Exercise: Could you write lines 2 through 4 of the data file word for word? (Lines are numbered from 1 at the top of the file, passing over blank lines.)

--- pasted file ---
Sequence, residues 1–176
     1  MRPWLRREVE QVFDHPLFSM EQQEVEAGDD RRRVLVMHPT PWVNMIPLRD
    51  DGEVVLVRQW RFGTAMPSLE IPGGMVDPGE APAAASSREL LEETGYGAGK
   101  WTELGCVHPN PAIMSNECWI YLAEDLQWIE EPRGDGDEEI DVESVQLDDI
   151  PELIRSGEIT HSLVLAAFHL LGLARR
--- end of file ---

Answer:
     1  MRPWLRREVE QVFDHPLFSM EQQEVEAGDD RRRVLVMHPT PWVNMIPLRD
    51  DGEVVLVRQW RFGTAMPSLE IPGGMVDPGE APAAASSREL LEETGYGAGK
   101  WTELGCVHPN PAIMSNECWI YLAEDLQWIE EPRGDGDEEI DVESVQLDDI